SEATTLE - Seattle will have to fix or install more than 22,000 sidewalks over the next two decades, according to a report Tuesday morning.
It's part of a settlement to a federal class-action lawsuit.
The lawsuit was filed in 2015 by three men claiming the city was violating the Americans with Disabilities Act.
In Pioneer Square, there’s a perfect example of the challenge people in wheelchairs face in parts of Seattle.
At Yesler and Second, there's no wheelchair ramp into the crosswalk where there are somewhat tall curbs.
There's ramps at other nearby crosswalks, but on the other side of Yesler, people in wheelchairs or those who use walkers have to go into the driveway of the parking garage to get up onto the curb.
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The people who filed the class action lawsuit say there are thousands of such scenarios in Seattle, where people with disabilities don't have legal access to crosswalks.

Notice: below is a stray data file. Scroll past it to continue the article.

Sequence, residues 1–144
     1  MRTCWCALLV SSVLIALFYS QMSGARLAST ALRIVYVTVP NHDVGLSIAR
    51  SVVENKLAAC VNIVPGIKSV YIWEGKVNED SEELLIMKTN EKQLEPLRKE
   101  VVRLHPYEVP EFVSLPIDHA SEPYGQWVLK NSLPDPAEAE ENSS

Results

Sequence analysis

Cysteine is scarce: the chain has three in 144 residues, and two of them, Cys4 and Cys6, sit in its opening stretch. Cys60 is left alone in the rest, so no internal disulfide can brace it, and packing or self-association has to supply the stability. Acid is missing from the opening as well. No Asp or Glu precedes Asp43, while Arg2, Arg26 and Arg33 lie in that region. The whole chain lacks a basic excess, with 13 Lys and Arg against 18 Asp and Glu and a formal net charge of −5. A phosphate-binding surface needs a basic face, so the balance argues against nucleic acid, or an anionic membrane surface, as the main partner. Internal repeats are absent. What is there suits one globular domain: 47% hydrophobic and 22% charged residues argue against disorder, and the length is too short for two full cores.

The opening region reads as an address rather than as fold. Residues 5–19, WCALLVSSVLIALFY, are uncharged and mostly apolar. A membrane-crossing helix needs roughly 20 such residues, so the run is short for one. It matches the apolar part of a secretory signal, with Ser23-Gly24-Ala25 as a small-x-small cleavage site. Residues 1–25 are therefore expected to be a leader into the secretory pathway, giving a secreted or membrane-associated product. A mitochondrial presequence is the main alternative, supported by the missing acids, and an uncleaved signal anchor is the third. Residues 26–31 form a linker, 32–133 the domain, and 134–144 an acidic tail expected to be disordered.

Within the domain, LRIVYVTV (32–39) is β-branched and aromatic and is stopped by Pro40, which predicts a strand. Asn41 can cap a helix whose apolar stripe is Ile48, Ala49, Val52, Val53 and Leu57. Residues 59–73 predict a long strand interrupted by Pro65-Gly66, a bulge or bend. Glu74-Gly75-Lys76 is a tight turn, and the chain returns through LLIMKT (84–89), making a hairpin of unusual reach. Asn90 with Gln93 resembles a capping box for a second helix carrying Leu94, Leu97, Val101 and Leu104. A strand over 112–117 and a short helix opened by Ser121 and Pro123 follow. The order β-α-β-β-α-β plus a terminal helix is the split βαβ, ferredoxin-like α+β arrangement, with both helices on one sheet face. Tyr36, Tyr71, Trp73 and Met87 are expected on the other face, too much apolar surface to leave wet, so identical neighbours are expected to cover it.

Under the settlement reported by the Seattle Times, the City of Seattle agrees to build or fix 22,500 sidewalk ramps.
That's 1,250 every year for the next 18 years, at a cost of nearly $300 million.
That dollar amount may drop dramatically with a new expedited process to get the ramps completed.
The Seattle Department of Transportation has been putting in new sidewalk ramps even before the lawsuit was filed.
But the settlement, which still has to be approved by a judge, would speed up the process.
Meanwhile, members of an advisory group for King County's Metro Access plan to testify at a committee meeting Tuesday morning.
Last month, we reported about a scathing audit that says King County Metro service for people with disabilities is expensive and inefficient.
The group says it’s concerned those issues aren't being addressed.
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